Hormone-Free Hot Flash Drug on Horizon

But Experimental Drug Pristiq Gets Mixed Reviews

Medically Reviewed by Louise Chang, MD on May 10, 2007
From the WebMD Archives

May 9, 2007 (San Diego) -- An experimental treatment for menopause-related hot flashes and night sweats that doesn’t use hormones generally works well, researchers report.

The new medication, called Pristiq, is under review by the FDA, according to the manufacturer, Wyeth Pharmaceuticals.

"Pristiq is going to fill a needed void," says David Archer, MD, professor of obstetrics and gynecology at Eastern Virginia Medical School in Norfolk.

He's referring to the void left when legions of women gave up hormone replacement therapy after a federally funded trial in 2002 showed that long-term hormone therapy boosts risks of heart attack, breast cancer, and other problems. Archer led clinical trials of Pristiq and has worked as a consultant for Wyeth.

But another expert not involved in the research cautions that the studies are preliminary and the exact role the new medication will have in relief of menopausal symptoms is yet to be determined.

Researchers presented the studies at the 55th Annual Clinical Meeting of the American College of Obstetricians and Gynecologists in San Diego.

About Pristiq

Pristiq is a modified version of Wyeth's antidepressant Effexor, Archer says. Effexor and Pristiq belong to a class of drugs known as serotonin/norepinephrine reuptake inhibitors, or SNRIs.

When a woman is going through menopause, fluctuations in estrogen may diminish both brain chemicals serotonin and norepinephrine, according to Wyeth. Pristiq is thought to work by making more of both substances available, improving mood and menopausal symptoms in the process.

Mixed Results

In five studies presented Tuesday and Wednesday at the meeting, Pristiq was evaluated for its value in relieving hot flashes and night sweats, reducing nighttime awakenings from night sweats, and improving mood. Because sexual problems have been associated with the use of some antidepressants, another study looked at whether Pristiq affected women's sex lives.

The results were mixed:

Hot flashes. In a study of 541 women with 50 or more moderate to severe hot flashes weekly, the 100-milligram dose of Pristiq reduced hot flashes by nearly 60% at week 12, and the 150-milligram dose reduced them by 66%. In comparison, placebo reduced them by 47%, says Archer, an author of that study.

In a 12-month study of the drug, women who had 50 or more moderate to severe hot flashes weekly were assigned to placebo or Pristiq (50, 100, 150, or 200 milligrams), says Margery Gass, MD, professor of obstetrics and gynecology at the University of Cincinnati and an author of the study. She found a 60% to 64% reduction in the hot flashes as well as fewer nighttime awakenings due to night sweats. "Overall, the 100-milligram dose worked best," she tells WebMD.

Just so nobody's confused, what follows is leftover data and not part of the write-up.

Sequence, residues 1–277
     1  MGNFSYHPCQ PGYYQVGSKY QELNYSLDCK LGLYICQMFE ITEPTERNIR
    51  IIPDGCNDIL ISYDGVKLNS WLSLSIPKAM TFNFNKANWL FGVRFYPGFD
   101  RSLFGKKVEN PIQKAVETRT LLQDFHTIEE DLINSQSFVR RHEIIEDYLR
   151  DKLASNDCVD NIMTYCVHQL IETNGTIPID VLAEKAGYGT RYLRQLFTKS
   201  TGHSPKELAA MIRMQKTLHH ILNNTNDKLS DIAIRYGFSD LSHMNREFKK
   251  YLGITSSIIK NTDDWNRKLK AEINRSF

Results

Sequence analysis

But in another study of 465 women, conducted by James Pickar, MD, of Wyeth, Pristiq did not work much better than placebo and was inferior to tibolone, a hot-flash-relieving drug not available in the U.S. At week 12, placebo reduced hot flashes by 57.5%, Pristiq by 57.7%, and tibolone by 81%.

Night sweats, awakenings, mood. In another study of 843 women, led by Archer, Pristiq increased the minutes slept without waking up from 29 on placebo to 42 on 100 milligrams of Pristiq and 40 minutes on 150 milligrams of Pristiq. Women on Pristiq reported better moods than those on placebo and had fewer awakenings during the night.

Sexual problems. Gass also asked the 689 women in her study to complete a questionnaire about any sexual problems. Of the 467 women who did, there were no differences in sexual problems among groups, whether on placebo or the various Pristiq doses. But among the entire group of 689, a higher number of those on Pristiq (4.2%) reported sexual problems such as decrease in desire compared with those on placebo (1.3%). This difference, however, was not significant, she says.


"I think these are preliminary studies," says William Parker, MD, staff gynecologist at Santa Monica-UCLA and Orthopaedic Hospital in Santa Monica, Calif. "I'd like to see a head-to-head comparison study with SSRIs." Many doctors prescribe the SSRI antidepressants to help relieve hot flashes and other symptoms of menopause.

Parker points out, too, that nausea is one of the side effects reported with Pristiq use. Researchers say the nausea subsides. According to Wyeth spokeswoman Danielle Halstrom, a new technique of increasing the dose over three days is expected to remedy the nausea problem.


Parker, like many other gynecologists, still prescribes hormone replacement therapy for some women for short periods of time, if they determine the benefits outweigh the risks, while reassessing their needs often.

"Hormone therapy is probably still the best for hot flashes," Archer concedes. But Pristiq, when approved, will simply give women another option, he says.

Show Sources

SOURCES: David Archer, MD, professor of obstetrics and gynecology, Eastern Virginia Medical School, Norfolk. Margery Gass, MD, professor of obstetrics and gynecology, University of Cincinnati, Ohio. William Parker, MD, staff gynecologist, Santa Monica-UCLA and Orthopaedic Hospital, Santa Monica, Calif. 555th Annual Clinical Meeting of the American College of Obstetricians and Gynecologists, San Diego, May 5-9, 2007.

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